Re: Why use Java in Mathematica?
- To: mathgroup at smc.vnet.net
- Subject: [mg78211] Re: Why use Java in Mathematica?
- From: David Bailey <dave at Remove_Thisdbailey.co.uk>
- Date: Tue, 26 Jun 2007 04:09:16 -0400 (EDT)
- References: <firstname.lastname@example.org> <email@example.com>
> Dear all,
> I have tried V6.0, and find that whenever kernel starts, JavaLink is
> loaded. By inspecting javaw.exe's running status, it can be found that
> Java is started for PacletManager.
> Even disallow Mathematica to access Internet, PacletManager is loaded
> at start up as usual. I find that the loading of PacletManager is coded
> into mainload.mx, so it seems difficult to get rid of PacletManager.
> Since I do not need PacletManager currently, so I modified
> PacletManager.m to create the PacletManager` contex only and do
> nothing else. Then Java is no longer loaded at start up of kernel.
> Personally, I hate Java:
> 1. JRE uses two much memory, and >50MB for PacletManager
> 2. for personal taste.
> Personally, I think that JavaLink is great feature to show that
> Mathematica is open, and can interact with other programming
> languages. But it is not a good thing to make JavaLink a required
> component to Mathematica. (Some functions need Java)
> The reason for using Java in Mathematica is only for Internet access.
> And remind that some other scientific computing software (such as
> ..... as you know) even use Java for building their user
> interface! Mathematica is immaculate in most part of the kernel and
> user interface. But still, I wonder why using Java, as a required
> I suppose that WRI just want to make the codes related to Internet
> access cross-platform. WRI has already made both the frontend and
> kernel cross-platform, why not implement Internet accessing functions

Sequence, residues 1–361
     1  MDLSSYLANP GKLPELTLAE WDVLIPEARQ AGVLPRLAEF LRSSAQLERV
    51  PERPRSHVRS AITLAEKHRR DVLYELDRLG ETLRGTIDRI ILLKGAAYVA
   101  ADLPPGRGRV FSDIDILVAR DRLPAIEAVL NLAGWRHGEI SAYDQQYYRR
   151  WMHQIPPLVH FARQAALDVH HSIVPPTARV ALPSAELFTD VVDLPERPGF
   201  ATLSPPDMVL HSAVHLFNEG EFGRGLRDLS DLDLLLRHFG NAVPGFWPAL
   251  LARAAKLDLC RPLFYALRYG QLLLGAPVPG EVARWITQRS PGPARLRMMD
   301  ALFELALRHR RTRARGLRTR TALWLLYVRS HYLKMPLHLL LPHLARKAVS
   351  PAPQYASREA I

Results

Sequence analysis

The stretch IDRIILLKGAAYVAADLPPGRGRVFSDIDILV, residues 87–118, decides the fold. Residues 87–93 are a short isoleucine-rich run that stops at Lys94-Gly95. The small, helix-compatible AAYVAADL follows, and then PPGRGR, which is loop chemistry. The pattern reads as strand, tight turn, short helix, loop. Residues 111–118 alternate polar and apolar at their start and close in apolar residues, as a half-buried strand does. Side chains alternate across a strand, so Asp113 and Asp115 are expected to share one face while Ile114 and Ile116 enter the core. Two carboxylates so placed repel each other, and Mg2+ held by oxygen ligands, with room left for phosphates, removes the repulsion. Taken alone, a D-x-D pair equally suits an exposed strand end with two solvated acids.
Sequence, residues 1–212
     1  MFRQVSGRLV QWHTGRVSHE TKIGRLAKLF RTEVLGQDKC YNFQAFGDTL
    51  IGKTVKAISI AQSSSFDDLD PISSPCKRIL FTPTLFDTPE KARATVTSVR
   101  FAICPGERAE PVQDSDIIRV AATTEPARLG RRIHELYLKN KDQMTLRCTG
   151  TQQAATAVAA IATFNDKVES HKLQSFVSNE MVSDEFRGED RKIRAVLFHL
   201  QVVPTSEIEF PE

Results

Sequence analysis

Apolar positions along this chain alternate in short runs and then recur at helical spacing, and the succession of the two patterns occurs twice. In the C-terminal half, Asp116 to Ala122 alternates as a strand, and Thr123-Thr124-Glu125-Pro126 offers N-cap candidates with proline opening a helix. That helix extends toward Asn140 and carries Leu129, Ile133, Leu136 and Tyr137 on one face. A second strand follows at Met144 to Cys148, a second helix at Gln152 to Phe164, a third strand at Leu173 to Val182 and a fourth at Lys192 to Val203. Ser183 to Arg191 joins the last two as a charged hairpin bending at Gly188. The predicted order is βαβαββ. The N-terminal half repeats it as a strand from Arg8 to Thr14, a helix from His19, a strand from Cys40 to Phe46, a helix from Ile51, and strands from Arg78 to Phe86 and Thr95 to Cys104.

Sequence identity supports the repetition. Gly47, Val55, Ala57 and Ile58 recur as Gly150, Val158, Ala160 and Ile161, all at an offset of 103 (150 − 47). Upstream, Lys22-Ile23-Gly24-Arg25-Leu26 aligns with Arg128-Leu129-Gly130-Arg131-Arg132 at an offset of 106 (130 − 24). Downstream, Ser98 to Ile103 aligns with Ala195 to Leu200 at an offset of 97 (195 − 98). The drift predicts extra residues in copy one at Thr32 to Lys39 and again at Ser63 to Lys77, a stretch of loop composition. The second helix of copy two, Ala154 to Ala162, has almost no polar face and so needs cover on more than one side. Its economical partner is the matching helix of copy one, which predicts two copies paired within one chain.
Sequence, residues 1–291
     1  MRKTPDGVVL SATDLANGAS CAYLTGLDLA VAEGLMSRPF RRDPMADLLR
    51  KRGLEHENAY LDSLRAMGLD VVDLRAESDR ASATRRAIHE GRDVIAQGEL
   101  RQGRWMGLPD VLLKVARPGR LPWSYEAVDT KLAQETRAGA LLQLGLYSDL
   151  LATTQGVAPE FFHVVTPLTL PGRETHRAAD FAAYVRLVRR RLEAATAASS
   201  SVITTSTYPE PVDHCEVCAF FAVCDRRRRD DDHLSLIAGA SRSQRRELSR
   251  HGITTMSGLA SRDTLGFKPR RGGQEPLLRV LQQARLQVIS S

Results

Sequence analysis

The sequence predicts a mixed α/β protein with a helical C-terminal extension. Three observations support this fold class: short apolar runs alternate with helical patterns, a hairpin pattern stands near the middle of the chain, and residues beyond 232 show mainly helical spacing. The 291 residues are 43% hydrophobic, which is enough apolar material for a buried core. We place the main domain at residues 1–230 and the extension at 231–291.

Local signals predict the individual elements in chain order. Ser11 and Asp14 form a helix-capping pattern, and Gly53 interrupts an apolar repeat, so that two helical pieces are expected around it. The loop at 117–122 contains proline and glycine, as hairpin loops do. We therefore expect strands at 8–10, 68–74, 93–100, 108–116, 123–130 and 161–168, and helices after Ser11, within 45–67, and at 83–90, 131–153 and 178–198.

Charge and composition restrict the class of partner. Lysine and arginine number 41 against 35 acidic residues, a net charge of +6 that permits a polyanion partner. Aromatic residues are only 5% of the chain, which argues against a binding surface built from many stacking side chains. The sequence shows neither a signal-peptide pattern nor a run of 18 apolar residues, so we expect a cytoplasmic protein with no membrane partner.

> on different platform NATIVELY?
> All in all, I am afraid that one day, Mathematica will use Java to
> build their interface, for cross-platform. If this happened, I would
> say that Java had done great harm to the whole software industry.
> BTW, Borland CLX library, WxWidges (WxWindows) are all cross-platform
> libraries on source code level and we can build native executable for
> different platforms from the same source code.
> Li Zhengji
> If all you have is a hammer, everything is a nail.
I think it is important to remember that modern operating systems page
their memory. In other words, if JAVA.EXE is not often active, it will
not be using much if any memory - but simply occupying a little disk
space - of which most machines have plenty.
Java is obviously convenient because it provides so much cross-platform
functionality, and I can't quite see how one can justify excluding it
for reasons of personal taste!
Having said all that, my experience is that applications that are
constructed out of multiple processes, become less stable in proportion
to the number of such processes (because of unresolved timing issues),
despite the best endeavors of their developers!
I would also like to know just how far the packlet concept is intended
to go. For example, if actual code improvements (bug fixes) were to be
delivered in this way, I think it would be a very unfortunate step.
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